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IADC/SPE 99074

A Re-examination of Drillpipe/Slip Mechanics

P. Paslay, Manatee; P.D. Pattillo, SPE, and P.D. Pattillo II, SPE, BP America; U.B. Sathuvalli, SPE, Blade Energy
Partners; and M.L. Payne, SPE, BP America

Copyright 2006, IADC/SPE Drilling Conference

tangential stress at the drillpipe inner diameter. Knowing the
This paper was prepared for presentation at the IADC/SPE Drilling Conference held in Miami, tangential and axial stresses on the inner diameter of the
Florida, U.S.A., 21–23 February 2006.
drillpipe (where the radial stress vanishes), the von Mises
This paper was selected for presentation by an IADC/SPE Program Committee following
review of information contained in a proposal submitted by the author(s). Contents of the
equivalent (VME) stress criterion is used to estimate the axial
paper, as presented, have not been reviewed by the International Association of Drilling load at which the drillpipe begins to yield. The Reinhold-Spiri
Contractors or Society of Petroleum Engineers and are subject to correction by the author(s).
The material, as presented, does not necessarily reflect any position of the IADC, SPE, their formula for the slip crushing load is,
officers, or members. Electronic reproduction, distribution, or storage of any part of this paper
for commercial purposes without the written consent of the International Association of Drilling
Contractors and Society of Petroleum Engineers is prohibited. Permission to reproduce in print
is restricted to an abstract of not more than 300 words; illustrations may not be copied. The Fz , slip crush = Fzy 2 2
abstract must contain conspicuous acknowledgment of where and by whom the paper was ⎛ K do ⎞ ⎛ K do ⎞
1 + ⎜1 + +
2 L ⎟⎠ ⎜⎝ 2 L ⎟⎠
presented. Write Librarian, SPE, P.O. Box 833836, Richardson, TX 75083-3836, U.S.A.,
fax 1.972.952.9435. ⎝

Abstract The predictions of Eq. (2) were compared with a limited series
Current models of slip crushing treat the rotary slip as an of meticulous tests on 5 in., 19.5 ppf, Grade E drill pipe
axisymmetric wedge that generates an axisymmetric radial loaded in standard and extended length manual slips2.
load on the drillpipe lateral surface. However, recent tests on Until recently, Eq. (2) has been used to calculate slip
strain gauged drillpipe specimens suggest that this model does crushing loads for drillpipe and casing hung in rotary slips,
not adequately capture the mechanical response of the and sometimes to calculate the loads exerted by packers on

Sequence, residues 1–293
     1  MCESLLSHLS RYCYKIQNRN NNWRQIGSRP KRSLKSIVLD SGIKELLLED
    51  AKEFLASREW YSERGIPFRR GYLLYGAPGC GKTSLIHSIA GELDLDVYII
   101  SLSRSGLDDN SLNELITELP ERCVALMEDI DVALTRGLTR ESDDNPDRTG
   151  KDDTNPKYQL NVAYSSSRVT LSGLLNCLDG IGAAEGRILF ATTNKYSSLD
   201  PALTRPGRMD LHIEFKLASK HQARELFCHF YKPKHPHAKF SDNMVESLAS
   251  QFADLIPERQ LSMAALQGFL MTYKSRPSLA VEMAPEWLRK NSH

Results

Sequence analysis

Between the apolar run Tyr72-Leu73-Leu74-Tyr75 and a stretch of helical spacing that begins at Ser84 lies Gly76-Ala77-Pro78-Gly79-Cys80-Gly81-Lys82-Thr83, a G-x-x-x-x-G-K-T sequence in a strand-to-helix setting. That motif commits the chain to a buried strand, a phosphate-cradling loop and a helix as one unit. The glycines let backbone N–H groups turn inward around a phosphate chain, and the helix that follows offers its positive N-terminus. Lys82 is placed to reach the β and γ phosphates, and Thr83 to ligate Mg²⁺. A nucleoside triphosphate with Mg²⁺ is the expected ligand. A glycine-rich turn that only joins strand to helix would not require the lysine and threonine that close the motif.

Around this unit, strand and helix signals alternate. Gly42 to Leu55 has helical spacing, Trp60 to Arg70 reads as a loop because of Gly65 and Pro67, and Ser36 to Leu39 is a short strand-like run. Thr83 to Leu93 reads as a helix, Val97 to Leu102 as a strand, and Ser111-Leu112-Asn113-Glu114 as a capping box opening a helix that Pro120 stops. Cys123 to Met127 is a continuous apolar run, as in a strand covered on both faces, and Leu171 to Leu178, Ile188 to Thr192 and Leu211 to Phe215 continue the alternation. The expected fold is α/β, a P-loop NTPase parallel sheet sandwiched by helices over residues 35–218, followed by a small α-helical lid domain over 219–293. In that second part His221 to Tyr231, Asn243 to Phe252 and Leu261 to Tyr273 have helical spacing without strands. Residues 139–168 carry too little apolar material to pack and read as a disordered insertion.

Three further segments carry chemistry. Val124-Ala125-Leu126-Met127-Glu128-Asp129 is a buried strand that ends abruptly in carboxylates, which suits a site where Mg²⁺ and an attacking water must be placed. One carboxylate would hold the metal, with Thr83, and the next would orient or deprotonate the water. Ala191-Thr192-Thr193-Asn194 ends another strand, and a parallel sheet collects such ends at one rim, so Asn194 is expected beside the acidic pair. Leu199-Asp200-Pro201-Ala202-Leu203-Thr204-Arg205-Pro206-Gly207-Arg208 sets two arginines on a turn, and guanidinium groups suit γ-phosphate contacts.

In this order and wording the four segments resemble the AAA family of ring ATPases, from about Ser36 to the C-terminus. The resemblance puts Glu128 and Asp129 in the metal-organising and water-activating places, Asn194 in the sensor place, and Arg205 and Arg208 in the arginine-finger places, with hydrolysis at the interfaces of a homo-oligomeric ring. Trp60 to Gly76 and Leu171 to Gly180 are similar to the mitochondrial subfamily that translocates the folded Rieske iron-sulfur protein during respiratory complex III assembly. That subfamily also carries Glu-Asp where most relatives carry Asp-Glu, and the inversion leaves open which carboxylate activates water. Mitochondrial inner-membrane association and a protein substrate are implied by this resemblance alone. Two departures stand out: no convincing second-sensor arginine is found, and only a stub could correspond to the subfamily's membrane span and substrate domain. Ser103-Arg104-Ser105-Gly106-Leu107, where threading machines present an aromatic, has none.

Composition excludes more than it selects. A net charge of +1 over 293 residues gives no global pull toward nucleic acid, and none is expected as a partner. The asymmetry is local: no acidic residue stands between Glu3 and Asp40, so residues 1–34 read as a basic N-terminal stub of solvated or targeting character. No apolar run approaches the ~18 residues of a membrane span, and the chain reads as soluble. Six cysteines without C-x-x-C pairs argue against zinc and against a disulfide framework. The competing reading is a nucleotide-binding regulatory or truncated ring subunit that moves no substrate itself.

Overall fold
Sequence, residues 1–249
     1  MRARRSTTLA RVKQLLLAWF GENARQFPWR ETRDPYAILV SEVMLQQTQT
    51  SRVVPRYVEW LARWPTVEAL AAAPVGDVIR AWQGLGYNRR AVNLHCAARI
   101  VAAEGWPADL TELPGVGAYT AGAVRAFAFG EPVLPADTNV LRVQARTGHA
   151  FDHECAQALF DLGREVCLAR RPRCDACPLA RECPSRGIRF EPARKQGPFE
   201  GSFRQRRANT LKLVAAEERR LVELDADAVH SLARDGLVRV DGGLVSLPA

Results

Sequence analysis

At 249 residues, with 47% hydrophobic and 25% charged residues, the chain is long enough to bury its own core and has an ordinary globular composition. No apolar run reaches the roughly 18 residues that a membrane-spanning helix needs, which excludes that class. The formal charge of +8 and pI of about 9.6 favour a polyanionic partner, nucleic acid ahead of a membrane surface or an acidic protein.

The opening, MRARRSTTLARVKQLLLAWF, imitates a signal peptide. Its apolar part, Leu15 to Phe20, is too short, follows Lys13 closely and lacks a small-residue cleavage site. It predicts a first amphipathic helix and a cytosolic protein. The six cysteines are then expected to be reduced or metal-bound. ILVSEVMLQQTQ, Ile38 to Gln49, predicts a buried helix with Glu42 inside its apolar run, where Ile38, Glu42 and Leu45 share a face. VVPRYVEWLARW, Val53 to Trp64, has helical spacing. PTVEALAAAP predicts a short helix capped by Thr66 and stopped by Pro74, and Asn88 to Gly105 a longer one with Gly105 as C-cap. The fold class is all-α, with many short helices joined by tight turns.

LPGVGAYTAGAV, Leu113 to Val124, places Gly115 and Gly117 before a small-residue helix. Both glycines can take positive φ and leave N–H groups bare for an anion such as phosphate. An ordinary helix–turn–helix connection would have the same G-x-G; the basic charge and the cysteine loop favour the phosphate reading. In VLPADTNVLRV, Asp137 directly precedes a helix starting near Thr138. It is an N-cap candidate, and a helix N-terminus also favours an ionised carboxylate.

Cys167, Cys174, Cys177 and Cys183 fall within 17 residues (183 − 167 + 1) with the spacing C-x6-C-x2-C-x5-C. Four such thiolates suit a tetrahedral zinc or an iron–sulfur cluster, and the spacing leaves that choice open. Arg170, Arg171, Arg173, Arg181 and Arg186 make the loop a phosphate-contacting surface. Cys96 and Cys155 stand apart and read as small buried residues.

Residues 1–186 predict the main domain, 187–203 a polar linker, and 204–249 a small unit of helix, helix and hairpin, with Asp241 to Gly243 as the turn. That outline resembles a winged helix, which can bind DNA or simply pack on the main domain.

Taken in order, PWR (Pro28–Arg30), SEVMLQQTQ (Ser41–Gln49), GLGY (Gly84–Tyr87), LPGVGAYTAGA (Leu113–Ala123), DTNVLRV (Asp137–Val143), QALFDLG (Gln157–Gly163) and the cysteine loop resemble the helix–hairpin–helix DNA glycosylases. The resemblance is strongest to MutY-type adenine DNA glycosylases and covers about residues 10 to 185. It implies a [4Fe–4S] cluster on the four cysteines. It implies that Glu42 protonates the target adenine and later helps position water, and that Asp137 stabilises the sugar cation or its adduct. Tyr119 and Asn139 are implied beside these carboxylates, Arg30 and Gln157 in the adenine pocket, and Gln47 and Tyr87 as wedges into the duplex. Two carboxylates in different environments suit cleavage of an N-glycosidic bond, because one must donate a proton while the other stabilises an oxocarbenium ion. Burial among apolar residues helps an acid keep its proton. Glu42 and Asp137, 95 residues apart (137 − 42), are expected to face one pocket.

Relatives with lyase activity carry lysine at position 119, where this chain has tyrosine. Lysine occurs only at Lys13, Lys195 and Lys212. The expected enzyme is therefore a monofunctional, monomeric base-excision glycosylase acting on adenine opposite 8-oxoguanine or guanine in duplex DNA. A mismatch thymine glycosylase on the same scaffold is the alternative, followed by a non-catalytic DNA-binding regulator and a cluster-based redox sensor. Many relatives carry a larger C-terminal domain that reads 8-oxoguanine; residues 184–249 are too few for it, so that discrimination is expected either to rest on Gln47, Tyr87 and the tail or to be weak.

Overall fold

drillpipe. The tests show that drillpipe response is a complex tubing. Eq. (2) is based on a statically determinate analysis of
and non-axisymmetric function of slip geometry, friction a conical wedge, a consequence of which is that the peak
between the slip and the bowl in the rotary table, and the stress is always on the drillpipe inner diameter in the vicinity
mechanics of load transfer between the slip and drillpipe. of the slip toe. An unstated consequence of the assumptions
This paper presents a new model of slip behavior that leading to Eq. (2) is that the drillpipe stress distribution is
represents the slip system as a series of line loads. Analysis of axisymmetric. This theory thus implies that the peak stress
the suspended tubular under these forces and axial tension region is a circle on the drillpipe inner diameter in the plane of
leads to a limit load that characterizes slip crushing. A the slip toe.
corollary of this analysis is the minimum slip length required Following the work by Reinhold and Spiri1 and Vreeland2.
to support a given axial tension. in the late 1950s, slip crushing analysis received little attention
until 1985. A 1985 paper by Hayatdavoudi discusses the
Background principles of slip insert design to reduce probability of
The failure of drillpipe in the region of contact between the yielding in the pipe3. The work includes representation of
drillpipe and slips was first addressed by Reinhold and Spiri in strain gage data from slip crush tests on 9-5/8 in., 53.5 ppf
19591. This paper recognized that drillpipe is subjected to bi- casing. Though the paper does not contain the details of
axial loading in the slip contact area. By treating the slip as an testing, the data presented in this paper indicates that the
immovable wedge between a rigid bowl and the hanging deformation of the casing inner diameter above the toe of the
drillpipe, a relation between the axial force on the drillpipe slip is larger than the deformation near the top of the slip.
and the transverse force exerted on it by the slips was derived. Focus on drillpipe slip crushing was renewed in the late
The ratio of the transverse force to the axial force known as 1990s with the rapid development of deepwater fields in the
the “K-factor” is given by Gulf of Mexico. Anecdotal evidence from several deepwater
operators and results of tests by equipment manufacturers
W 1 − μ BS tan α seemed to indicate that the Reinhold-Spiri formula may not be
K= = . .............................................. (1)
FzA μ BS + tan α a conservative estimate of drillpipe slip crushing capacity if
initial yielding is applied as the limit condition. In 2002